Why not just visit a psychotherapist when you have no problems? When you go to a psychotherapist when there is no problem, you have the space to explore and reflect on your life. The intention would be solely for optimizing your life. It’s like talking to a dietician about how to modify your diet when you don’t have cholesterol or diabetes.
People often seek therapy when they feel powerless in face of difficulties, in order to regain a sense of control. Therapy, however, is also a process of moving towards deep self-awareness. In the Allegory of the Cave, Plato describes how a person who is restrained in a dark cave for his entire life would feel when unchained and let out in the light of the sun for the first time. The counselling process, therefore, is not just as a ‘road to recovery’ but also a ‘path to self-realisation’.
At times, we feel stuck in an endless, predictable cycle of feelings, behaviour patterns and situations. It seems as if we are continuously struggling, but still going farther away from what we truly want. In this article, our team of psychologists give their inputs on how it is likely that we might be struggling with a conflict that is more internal, than external – involving a wish, a fear and a defense.
Each one of us, at some point in our lives, have struggled to discover our own uniqueness, questioned social obligations, taken risks, set out to explore the unknown and felt the urge to try something new. It is the explorer archetype present in us, that enables us to do this. Also known as the seeker, wanderer and pilgrim, the explorer is a character that seeks to escape the boundaries of their average life by traveling the world or discovering its many mysteries.
The shadow is that aspect of our personality or psyche that is hidden from our own selves. It lies in our unconscious mind, safely beyond our awareness. The shadow contains our weaknesses, undesired traits, repressed ideas and desires which we find difficult to accept as part of us. It is like our dark side – therefore the name, Shadow. It is often unexpressed and rejected but surely it is always there, just as other archetypes are.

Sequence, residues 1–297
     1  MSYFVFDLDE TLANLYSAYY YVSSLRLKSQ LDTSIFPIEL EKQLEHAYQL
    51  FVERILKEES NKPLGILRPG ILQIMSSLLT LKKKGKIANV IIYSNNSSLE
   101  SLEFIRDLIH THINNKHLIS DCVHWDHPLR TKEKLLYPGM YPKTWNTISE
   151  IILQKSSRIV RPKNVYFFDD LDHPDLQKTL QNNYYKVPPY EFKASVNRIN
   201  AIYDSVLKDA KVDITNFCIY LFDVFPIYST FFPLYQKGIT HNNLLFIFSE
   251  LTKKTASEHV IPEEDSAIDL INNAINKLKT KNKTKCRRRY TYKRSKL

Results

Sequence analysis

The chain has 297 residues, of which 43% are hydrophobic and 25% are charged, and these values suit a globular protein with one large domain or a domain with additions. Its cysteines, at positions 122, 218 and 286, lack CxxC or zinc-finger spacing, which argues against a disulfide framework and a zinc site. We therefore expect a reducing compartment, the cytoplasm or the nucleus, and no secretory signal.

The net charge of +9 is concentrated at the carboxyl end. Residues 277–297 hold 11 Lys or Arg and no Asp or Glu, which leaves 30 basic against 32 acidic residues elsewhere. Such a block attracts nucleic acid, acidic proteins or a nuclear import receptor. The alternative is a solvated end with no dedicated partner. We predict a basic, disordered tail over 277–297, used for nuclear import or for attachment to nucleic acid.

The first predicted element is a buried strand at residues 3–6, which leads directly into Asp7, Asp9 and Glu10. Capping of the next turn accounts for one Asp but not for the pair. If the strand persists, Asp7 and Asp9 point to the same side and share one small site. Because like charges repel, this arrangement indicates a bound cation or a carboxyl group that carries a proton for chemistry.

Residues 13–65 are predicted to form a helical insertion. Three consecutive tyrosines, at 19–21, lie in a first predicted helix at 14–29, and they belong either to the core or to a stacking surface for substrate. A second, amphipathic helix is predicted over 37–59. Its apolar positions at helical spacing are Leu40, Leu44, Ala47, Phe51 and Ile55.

Death Anxiety is not simply anxiety about dying but anxiety about not living meaningfully. Culturally, we are averse to talking of death. However, awareness of one’s finite time on this planet in this form is probably one of the most important factors for living meaningfully. What “living well” means is unique to you but it requires some deep exploration from your end.
With the busy lives that people lead, everyday routines do not have too much room for spontaneity. In that cramped room of “too many things to do/not enough time”, your natural urge to explore, to try something new or to just have fun hides in a corner, eagerly awaiting its turn. You let your roles and responsibilities limit you and thus, miss out on the rest of you! In this article, read about discovering this seemingly lost idea of “spontaneity”.
Going through pain in life is inevitable.
You know this. Oh yes, you often want to believe you can escape it by being “overly” careful. But deep inside… all of us know, we will go through pain!
An imperfect life scattered with pain, physical and emotional, makes you feel like life and people are unfair. When you are in pain, your mind says, “I deserve happiness, not yet another pain!” You work hard at your happiness, at work and at home. You try your best not to hurt others and to be steadfast and responsible.
Somehow, you still encounter pain and sorrow, sometimes right after a happy event.
You feel angry and dejected. You ask life, ‘why?’
What’s common between a daughter-in-law devastated by her mother-in-laws behaviour, a man who cannot bear the boredom of his work anymore, a parent who is terribly stressed because his child refuses to study, a man who cannot believe he has lost his wife so suddenly, and a woman who is overwhelmed because she has been diagnosed with breast cancer?
As I see it, a few things …
The situation is grave
It has taken the joy out of life
Most of the day and sometimes a good part of the night is spent in thinking about the problem and thinking how to resolve it
A sense of being stuck, and trapped- a feeling that I cannot get out of this…
Do you feel like this about some situation of your life?
Your day starts with a mild stir. A stir nowhere else but in your mind. As you go about your daily chores, you feel like your mind is only partially involved. A simultaneous series of thoughts are on too. Your imagination is rolling and how! You imagine yourself giving a stage performance, that boy you like finally making conversation with you, you topping in class or bagging that coveted project….. you are daydreaming. Why are we discussing this? Isn’t daydreaming one pleasant escapade that is safe? Oh yes, it is! However, there are some of us who daydream excessively, so much so that our schedules are delayed or disrupted or our head begins to feel heavy. We probably end up underachieving or simply being dissatisfied with this almost compulsive tendency…yet, it has its own rewards. Let’s understand this better.